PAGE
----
...the beer is fermented with a German weizen yeast. In addition to juniper berries foraged from the Finnish countryside, Sah'tea is flavored with black tea.

I've got a copy of Randy Mosher's Radical Brewing, and there's a recipe on pg. 244 for a Finnish Sahti.  I'm using something of a variant of that recipe, going with a partial mash, but I wanted to get an idea of how to go about adding juniper berries to the recipe, and in what amount.  I've been doing research on the subject and what I've found is that there are some resources available on the Internet that both praise and condemn the use of juniper berries in beer, but few that include recipes or proportions.  The recipe in the book calls for 1 oz of crushed berries in a 5 gal batch, and juniper branches are included in the mash.  I'm not going to include the branches in this attempt, but I may in future attempts.  I have a juniper bush in my front yard and snipping off a few small branches to include in the boil might not be a bad addition.

For this first attempt, I'm going to got with crushed berries, added to the last 10 min of the boil, in a muslin bag.  I'll do a gentle crushing using a mortar and pestle, and I don't want little bits and pieces of the berries floating around in my beer; the muslin bag will take care of that.

Brew Day: 6 May 2016

Partial Mash:
9 oz Briess Rye Malt
3 oz Crystal Rye Malt
1.5 oz Carapils

Boil (60 min):
1.6 lb Munich LME (@ 60 min)
3 oz table sugar (@ 60 min)

Hops: 10 g German Perle, AA: 8.4% (FWH)

Additions: 10 g Juniper berries (crushed), black tea (@ 10 min, remained in the wort during cooling)

Yeast:  WLP380 (wanted to go with something that imparts less banana, more clove)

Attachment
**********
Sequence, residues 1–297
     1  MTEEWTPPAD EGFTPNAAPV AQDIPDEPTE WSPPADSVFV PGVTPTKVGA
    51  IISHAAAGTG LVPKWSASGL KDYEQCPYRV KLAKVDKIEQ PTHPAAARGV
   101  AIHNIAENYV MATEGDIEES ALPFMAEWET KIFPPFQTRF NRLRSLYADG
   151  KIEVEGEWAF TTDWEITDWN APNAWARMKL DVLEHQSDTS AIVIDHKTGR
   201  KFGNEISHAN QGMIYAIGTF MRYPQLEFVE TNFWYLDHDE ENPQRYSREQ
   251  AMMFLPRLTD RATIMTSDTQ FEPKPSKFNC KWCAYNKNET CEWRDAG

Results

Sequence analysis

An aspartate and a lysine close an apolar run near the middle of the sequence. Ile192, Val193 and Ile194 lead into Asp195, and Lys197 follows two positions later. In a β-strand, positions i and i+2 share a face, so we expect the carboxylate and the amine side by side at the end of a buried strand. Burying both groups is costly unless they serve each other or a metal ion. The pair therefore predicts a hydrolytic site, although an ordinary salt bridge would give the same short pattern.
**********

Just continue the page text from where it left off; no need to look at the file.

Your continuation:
*I followed my usual process for the partial mash, cooling the wort, and pitching the yeast.

Addendum, 7 May: Going through my normal morning routine, I checked in on the beer; the yeast was pitched about 13 hrs ago.  It's bubbling quite nicely; there's a bit of blow-off in the blow-off bottle, but not a lot, and the bubbles rising in the fermenter are as many as the stars in the sky.  ;-)

I will say that the beer is a bit more brown than I would have like, but that's a result of the LME and crystal rye.  We'll see how the combination of additions works on the flavor, but the next attempt at this may be more along the lines of an all-grain brew.

Addendum, 8 May: Checked in on the beer this morning, found that the blow-off bottle was completely overflowing, and was glad that I'd put paper towels underneath it.  I replaced the blow-off bottle with a new one (I use spent Gatorade bottles), and was able to see the flow of bubbles; they were small, a little over  second apart, but there was a steady flow.  Now, I'll just let the beer sit and let the yeast keep doing it's thing.  I'll likely put an airlock on the fermenter in about a week, and I'm looking at bottling either the 18th or maybe the 20th.

Addendum, 12 May: My wife had one of the hefeweizens I made with the WLP380 yeast, and she really likes it...a lot!  She opened it and poured it into a glass, and I could smell the banana from across the room.  As such, I'm wondering if the juniper berries and tea will overwhelm the banana esters, or after a couple of weeks of sitting, the reverse will be true.

What I may need to do with the next attempt at this brew is try the K-97 yeast.  I know that the description from the DFH site says "weizen" yeast, which is "wheat" in German.  The K-97 is described to be a German ale yeast, so that may be the way to go.

Right now, I'm somewhat on the fence regarding other changes.  Part of me says, "...make documented, atomic changes...", but the Marine in me says, "...make BOLD dope changes!!" It might be best if, when tasting this brew, the banana is overpowering to just change the yeast used, and nothing else.

Addendum, 21 May: Bottled today, before heading out to an anniversary dinner with my lovely bride!  Got a full six-pack, plus two repurposed soda bottles worth of beer.  During the transfer, the beer had a bit of banana aroma already; I didn't try it because I wanted it all in the bottles.  It will be interesting to try this one in 2-3 weeks.